Human resources consultants offer a variety of services to client organizations. All these services depend on the problems the client organizations are facing. Below, I list and explain the various offerings consultants can offer.
- Compensation and benefits – Organizations often hire HR consultants with specialist skills in compensation and benefits. Consultants in this area assist organizations in structuring compensation and benefits. This could include carrying out compensation and benefits surveys for the client organization and presenting results and recommendations to the clients. In some instances, assignments in this area include developing pay and benefits structures. From my experience as a consultant for 20 years now, for any consultant to do well in this area, they need specialistic skills such as how to apply statistics to human resources.
Pay structuring involves the use of mathematical formulas, and compensation surveys require someone who can understand statistics such as percentiles, averages and standard deviation as they are critical in analyzing market compensation data.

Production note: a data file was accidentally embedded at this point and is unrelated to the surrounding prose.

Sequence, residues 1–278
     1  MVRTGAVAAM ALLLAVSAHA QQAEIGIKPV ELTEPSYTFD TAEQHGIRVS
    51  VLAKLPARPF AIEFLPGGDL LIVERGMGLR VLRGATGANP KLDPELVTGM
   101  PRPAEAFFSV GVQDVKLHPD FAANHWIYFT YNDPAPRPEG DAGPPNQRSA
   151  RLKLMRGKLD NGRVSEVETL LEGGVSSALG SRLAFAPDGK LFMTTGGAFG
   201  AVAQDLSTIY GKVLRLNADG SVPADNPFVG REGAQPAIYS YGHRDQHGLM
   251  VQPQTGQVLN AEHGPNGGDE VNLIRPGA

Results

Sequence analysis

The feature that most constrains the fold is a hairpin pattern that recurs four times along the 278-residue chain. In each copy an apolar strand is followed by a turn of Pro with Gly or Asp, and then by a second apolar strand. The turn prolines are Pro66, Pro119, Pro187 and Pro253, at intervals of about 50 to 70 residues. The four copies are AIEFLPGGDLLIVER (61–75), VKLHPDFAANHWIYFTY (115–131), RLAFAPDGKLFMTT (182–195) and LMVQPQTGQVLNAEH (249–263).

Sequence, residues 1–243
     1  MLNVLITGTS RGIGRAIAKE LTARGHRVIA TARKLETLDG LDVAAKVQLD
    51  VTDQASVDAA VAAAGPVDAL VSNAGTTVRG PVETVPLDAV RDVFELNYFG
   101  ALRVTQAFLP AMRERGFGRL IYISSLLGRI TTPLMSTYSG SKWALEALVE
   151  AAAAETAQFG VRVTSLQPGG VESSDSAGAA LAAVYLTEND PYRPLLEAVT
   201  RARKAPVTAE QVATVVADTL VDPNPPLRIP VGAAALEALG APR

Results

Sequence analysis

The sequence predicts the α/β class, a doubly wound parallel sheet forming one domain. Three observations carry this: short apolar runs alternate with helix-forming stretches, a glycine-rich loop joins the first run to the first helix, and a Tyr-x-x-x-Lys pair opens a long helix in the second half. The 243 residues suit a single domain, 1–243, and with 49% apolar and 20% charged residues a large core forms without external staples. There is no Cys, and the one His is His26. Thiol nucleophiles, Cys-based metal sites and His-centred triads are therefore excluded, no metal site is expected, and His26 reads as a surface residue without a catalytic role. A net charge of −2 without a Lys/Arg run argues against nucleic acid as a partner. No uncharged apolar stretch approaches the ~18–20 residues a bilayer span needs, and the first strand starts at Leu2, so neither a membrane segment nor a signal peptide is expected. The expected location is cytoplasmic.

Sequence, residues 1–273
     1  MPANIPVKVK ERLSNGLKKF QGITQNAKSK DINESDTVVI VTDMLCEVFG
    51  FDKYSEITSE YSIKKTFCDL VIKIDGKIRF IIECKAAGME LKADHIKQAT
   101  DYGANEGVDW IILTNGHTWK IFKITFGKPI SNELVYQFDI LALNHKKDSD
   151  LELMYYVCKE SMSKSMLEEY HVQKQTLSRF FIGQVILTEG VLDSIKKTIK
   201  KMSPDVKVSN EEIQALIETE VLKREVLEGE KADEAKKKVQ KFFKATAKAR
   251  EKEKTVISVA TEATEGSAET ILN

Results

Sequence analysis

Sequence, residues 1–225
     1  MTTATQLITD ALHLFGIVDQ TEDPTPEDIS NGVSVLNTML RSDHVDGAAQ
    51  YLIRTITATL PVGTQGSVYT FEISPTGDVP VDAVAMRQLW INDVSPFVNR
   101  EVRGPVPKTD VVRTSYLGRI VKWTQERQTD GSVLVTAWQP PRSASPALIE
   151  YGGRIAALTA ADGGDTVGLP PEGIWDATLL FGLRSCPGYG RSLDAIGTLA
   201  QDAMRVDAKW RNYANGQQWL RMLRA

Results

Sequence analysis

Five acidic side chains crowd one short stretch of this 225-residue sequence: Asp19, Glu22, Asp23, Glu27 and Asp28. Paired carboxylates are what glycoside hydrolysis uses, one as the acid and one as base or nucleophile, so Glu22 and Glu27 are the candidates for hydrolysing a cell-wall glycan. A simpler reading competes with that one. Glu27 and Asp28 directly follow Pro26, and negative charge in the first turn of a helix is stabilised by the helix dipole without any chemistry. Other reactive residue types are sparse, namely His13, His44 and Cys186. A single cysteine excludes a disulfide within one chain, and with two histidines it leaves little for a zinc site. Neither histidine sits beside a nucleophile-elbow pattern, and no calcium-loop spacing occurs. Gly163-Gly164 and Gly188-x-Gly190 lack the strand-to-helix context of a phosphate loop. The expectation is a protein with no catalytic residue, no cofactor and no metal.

- HR Policies and Procedures – HR Consultants can assist clients in developing human resources policies and procedures. Such HR consultants need to have good knowledge of the whole human resources value chain as policies cut across a number of human resources areas. More importantly, HR consultants wishing to offer this type of service must have a good knowledge of labour statutes, as HR policies have to comply with applicable labour laws.
- Training and Development- HR Consultants who work in the field of training and development often assist organizations in carrying out training needs analysis and developing training plans and mechanisms for evaluating the effectiveness of such training. The majority of HR Consultants working in this area offer training services as facilitators to various training programs, which can range from management/leadership development, customer service training and many other HR-related training interventions.
- HR Analytics – HR Consultants who work in this area would have been trained with a focus on statistics and HR. These people offer prediction models to companies. They work largely in the area of workforce planning and analytics. This is a growing area for HR Consultants.